Title: For King and Country
Summary: Drabbly, animeverse. The calm before the storm. Roy reflects on the nature of duty and loyalty, and the sacrifice of a dream.
Warning: Spoilers for Ep. 48.
Comments: This should be titled The Attack of the Run-On Sentences. Written for fma_fic_contest prompt "stream of consciousness." Tied for 2nd. Feel free to leave feedback, positive or negative. Thanks for reading.
The thing about playing a chess game against yourself is that no matter what the outcome, you always wind up losing in the end.
Roy closes his eyes, blocks the board from view, and thinks of all his men trekking north to stage a coup (a disturbance, a distraction, a diversion, and the only word he refuses to let himself think is death, because there's no room in this world for hesitation once the stakes are stacked high enough to kill for, to die for), all for his sake, for his goals, so that he can risk it all and maybe come away with a victory that's a loss.
Because he knows there's no way he'll make Fuhrer after this, and it's unfair that he's asking them to give their lives for a cause that's dead, but in the end, he's an alchemist and he understands this language of cost and sacrifice, the principle of equivalent exchange. Give and get, push and pull, and prices most of all, because this is one game in which he has to be the one to give so that everyone else – so that the entire damn country – can live, or maybe just breathe again past the iron stranglehold of the military.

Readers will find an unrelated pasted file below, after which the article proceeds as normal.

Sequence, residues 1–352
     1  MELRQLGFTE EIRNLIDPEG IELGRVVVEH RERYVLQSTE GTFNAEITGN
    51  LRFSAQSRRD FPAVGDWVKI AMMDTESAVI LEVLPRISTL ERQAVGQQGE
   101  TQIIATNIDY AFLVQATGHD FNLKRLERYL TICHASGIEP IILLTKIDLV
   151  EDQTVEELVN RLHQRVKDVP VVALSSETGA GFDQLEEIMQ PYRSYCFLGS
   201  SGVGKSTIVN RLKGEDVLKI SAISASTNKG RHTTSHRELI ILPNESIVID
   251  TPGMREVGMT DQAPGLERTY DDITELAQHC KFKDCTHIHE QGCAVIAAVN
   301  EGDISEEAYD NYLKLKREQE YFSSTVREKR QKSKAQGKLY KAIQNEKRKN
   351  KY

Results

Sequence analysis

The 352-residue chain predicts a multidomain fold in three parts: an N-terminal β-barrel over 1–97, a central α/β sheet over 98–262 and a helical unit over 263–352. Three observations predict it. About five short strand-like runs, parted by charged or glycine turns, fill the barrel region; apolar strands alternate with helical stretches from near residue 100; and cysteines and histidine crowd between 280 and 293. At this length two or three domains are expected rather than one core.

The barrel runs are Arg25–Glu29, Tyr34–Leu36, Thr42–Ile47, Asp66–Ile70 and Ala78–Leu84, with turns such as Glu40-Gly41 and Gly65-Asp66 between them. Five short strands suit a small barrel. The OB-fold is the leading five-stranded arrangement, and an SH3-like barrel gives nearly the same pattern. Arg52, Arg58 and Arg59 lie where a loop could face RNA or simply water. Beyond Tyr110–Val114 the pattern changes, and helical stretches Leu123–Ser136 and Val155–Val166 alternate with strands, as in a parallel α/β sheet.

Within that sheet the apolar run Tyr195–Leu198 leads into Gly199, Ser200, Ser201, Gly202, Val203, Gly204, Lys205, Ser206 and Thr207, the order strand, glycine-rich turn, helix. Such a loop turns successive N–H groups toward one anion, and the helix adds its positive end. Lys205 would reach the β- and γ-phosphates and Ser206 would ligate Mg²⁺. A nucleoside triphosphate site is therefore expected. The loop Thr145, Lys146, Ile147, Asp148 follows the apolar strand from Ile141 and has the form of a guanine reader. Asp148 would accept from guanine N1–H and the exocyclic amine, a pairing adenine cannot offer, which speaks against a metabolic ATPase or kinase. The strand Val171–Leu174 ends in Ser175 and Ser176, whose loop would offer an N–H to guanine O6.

(But maybe it's for himself, too, so that he can breathe past the vines slowly tightening around his lungs and his heart and his chest, because Maes – )
And sometimes you have to forfeit the game. Sometimes you have to surrender, lose a king, to gain what's lost for the greater good. Maybe that's the price, after all, for all he's done, for the desert sand and the fire and the gritty blood smeared across his hands, and it's not nearly enough to atone for his sins but maybe, just maybe, it's enough to see them all through to the end.
It's not about dreams or successes. It's about the future and duty, because in the end, when the day of reckoning is knocking on the door – in the end, someone has to do it, and if nobody else will, then it has to be him. It has to be him because he's the only one who knows about the homunculi, about the military, and he's the only one who can do anything about it all. If not him, then nobody else, and it's duty. It's always been duty and loyalty – loyalty to the country, loyalty to a dead man, a best friend lying buried two meters below the ground.
And he wonders. He wonders if Maes would've approved, then shakes his head, and tosses back the rest of the tumbler. Feels the whiskey burn its way down to the pit of his stomach. Warm, like bravery and courage and the sun all rolled into one, and he thinks, maybe – maybe he can do this – and then he laughs because it's not a question of maybe, it's a question of when and where and how, and those have already been decided for him. He looks down at the board, notes the way the pieces are set up, and smiles a humorless smile.
A path to victory may not exist, but the board's set, and all he can do is wait for the checkmate.